Burns - Signs and Symptoms of Burns

by : Peter sams



Burns aims to foster the exchange of information among all engaged in preventing and treating the effects of thermal injury. The journal focuses on clinical, scientific and social aspects of these injuries and covers the prevention of thermal injury, the epidemiology of such injuries and all aspects of treatment. Regular features include clinical and scientific papers; state of the art reviews; case reports and descriptions of burn-care in practice; listings of current relevant literature and reviews of selected articles.

A burn can be caused by heat (flames, hot grease, or boiling water), the sun (solar radiation), chemicals or electricity. When a burn breaks the skin, infection and loss of fluid can occur; burns can also result in difficulty breathing. If a burn victim has trouble breathing, has burns on more than one part of the body, or was burned by chemicals, an explosion, or electricity immediately. Burns caused by flames or hot grease usually require medical attention as well, especially if the victim is a child or an elderly person.

Burns are often categorized as first-, second-, or third-degree burns, depending on how badly the skin is damaged. Each of the injuries above can cause any of these three types of burn. But both the type of burn and its cause will determine how the burn is treated. All burns should be treated quickly to reduce the temperature of the burned area and reduce damage to the skin and underlying tissue (if the burn is severe).

Signs and symptoms of burns

The symptoms of burns could be summed up in two parts. Minor and severe burns. Minor burns are painful and cause reddening and blistering of the skin while severe burns are painless causes white or charred area.

First-degree burns are mild and injure only the outer layer of skin. The skin becomes red, but will turn white when touched. The area may also be painful to the touch.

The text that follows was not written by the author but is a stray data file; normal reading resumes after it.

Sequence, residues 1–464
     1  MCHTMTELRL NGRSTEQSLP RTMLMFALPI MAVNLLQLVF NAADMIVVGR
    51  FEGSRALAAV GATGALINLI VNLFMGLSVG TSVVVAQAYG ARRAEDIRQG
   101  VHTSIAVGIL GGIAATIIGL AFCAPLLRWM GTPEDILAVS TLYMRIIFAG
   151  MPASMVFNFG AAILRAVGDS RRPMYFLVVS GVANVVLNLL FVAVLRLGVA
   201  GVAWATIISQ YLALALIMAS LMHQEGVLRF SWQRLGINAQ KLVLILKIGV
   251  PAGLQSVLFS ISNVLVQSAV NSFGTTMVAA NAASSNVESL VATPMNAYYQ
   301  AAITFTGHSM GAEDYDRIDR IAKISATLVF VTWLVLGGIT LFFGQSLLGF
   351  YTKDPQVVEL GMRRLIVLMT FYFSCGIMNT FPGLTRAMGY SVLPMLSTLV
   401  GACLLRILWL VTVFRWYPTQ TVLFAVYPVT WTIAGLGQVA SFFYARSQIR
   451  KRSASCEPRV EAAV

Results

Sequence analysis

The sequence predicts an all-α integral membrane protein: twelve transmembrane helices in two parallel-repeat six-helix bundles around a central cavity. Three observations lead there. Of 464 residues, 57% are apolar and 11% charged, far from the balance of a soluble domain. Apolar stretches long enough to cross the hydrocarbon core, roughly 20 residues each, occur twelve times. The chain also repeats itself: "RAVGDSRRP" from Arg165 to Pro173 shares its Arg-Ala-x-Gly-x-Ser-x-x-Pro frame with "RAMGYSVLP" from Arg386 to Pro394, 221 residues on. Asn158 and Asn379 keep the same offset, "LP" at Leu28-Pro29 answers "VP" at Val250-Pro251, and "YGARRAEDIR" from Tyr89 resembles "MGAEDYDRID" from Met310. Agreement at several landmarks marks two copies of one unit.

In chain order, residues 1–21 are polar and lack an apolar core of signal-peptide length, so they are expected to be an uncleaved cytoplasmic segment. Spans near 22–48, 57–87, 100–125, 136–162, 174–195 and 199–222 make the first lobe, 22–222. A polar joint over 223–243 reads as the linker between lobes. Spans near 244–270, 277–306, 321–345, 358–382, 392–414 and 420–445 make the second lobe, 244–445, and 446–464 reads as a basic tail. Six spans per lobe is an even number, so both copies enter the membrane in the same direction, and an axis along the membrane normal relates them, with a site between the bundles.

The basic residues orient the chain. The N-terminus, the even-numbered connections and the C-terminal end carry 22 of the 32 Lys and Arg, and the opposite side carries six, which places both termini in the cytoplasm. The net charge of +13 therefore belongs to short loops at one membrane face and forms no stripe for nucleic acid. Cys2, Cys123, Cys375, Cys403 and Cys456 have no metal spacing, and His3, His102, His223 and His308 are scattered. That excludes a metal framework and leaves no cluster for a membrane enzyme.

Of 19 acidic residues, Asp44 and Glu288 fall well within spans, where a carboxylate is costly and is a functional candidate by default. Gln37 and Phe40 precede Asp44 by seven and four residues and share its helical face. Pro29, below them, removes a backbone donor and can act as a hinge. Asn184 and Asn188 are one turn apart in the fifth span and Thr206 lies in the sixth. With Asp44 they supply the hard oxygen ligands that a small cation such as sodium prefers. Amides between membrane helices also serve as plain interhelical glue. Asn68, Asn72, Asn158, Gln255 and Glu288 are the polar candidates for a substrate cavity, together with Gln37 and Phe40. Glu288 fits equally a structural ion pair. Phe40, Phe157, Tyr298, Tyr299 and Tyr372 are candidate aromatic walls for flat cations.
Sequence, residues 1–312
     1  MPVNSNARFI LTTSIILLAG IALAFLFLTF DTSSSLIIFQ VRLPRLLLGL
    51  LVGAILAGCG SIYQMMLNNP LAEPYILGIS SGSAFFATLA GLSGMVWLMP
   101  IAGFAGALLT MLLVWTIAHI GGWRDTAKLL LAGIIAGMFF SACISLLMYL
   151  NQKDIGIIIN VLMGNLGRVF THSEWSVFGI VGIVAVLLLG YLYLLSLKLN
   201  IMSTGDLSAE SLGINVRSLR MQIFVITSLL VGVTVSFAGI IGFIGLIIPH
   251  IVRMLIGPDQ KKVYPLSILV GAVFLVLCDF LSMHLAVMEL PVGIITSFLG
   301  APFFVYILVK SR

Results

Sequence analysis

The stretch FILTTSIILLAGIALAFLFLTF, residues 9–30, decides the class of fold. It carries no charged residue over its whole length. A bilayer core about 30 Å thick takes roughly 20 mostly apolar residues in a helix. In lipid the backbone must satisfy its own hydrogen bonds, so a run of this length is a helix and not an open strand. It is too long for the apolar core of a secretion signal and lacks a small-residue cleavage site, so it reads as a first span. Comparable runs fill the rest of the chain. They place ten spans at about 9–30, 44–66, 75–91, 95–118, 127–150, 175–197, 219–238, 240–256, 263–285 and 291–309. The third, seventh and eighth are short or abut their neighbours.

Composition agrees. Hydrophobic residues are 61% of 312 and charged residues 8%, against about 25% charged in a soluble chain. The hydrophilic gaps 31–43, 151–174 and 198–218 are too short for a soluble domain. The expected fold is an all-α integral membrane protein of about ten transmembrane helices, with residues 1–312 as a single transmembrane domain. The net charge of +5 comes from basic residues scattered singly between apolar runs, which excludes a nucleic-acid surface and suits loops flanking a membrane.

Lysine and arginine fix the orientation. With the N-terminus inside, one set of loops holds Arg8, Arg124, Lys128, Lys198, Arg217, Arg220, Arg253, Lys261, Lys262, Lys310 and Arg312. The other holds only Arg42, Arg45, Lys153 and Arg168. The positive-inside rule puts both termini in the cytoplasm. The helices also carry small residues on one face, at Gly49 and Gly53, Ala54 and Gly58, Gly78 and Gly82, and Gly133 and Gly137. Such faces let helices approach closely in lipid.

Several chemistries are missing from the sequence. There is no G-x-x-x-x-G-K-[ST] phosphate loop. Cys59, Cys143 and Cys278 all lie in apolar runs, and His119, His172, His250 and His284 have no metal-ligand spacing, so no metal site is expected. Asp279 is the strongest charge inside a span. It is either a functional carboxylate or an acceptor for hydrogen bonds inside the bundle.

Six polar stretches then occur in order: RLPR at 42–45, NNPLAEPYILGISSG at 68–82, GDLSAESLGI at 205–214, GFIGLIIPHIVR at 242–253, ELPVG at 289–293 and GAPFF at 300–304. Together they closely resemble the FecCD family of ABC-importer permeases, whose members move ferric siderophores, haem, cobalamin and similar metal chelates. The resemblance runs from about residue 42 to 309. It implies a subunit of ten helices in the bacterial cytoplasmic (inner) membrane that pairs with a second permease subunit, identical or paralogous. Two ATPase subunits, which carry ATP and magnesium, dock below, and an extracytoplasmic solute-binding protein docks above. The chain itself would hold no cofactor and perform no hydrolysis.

Second-degree burns are deeper, more severe, and very painful. Blisters may form on the burned area. This type of burn takes about 2 weeks to heal.
Third-degree burns are the deepest and most serious kind. The skin becomes white and leathery, but it does not feel very tender when touched.
Burns with a "sock" or "glove-like" appearance on hands or feet and "doughnut" shaped burns on the buttocks. These types of burns are usually caused by either dipping or forcing the child to sit in scalding liquid.

Burns which leave a pattern outlining the object which was used to make the burn such as an iron, electric burner, heater or fireplace tool;
Burns caused by rope friction, usually found on legs, arms, neck or torso as the result of having been tied up.

Treatment of burns

Cool small burns immediately under cold running water for at least ten minutes. Rinse chemical burns for 20 minutes.

Briefly rinse larger burns, avoiding excessive cooling.

Remove clothes in the area of the burn where possible, without causing further damage to the skin. Then either wrap the burned area in a clean clear plastic bag or place a clean smooth material, such as cling film, over the burn to prevent infection.

Minor burns can be treated at home with painkillers and sterile dressings (don't pop blisters). Deep or extensive burns, or burns to the face, hands or across joints, need to be assessed and treated in hospital.

The extent of burns can be estimated using special charts. More than ten per cent burns need hospital treatment (including intravenous fluids). Burns to more than 50 per cent of the body's surface carry a poor chance of survival.

Severe burns need specialised long-term management, which may include skin grafts or treatments to prevent contractures, as well as psychological support to deal with scarring.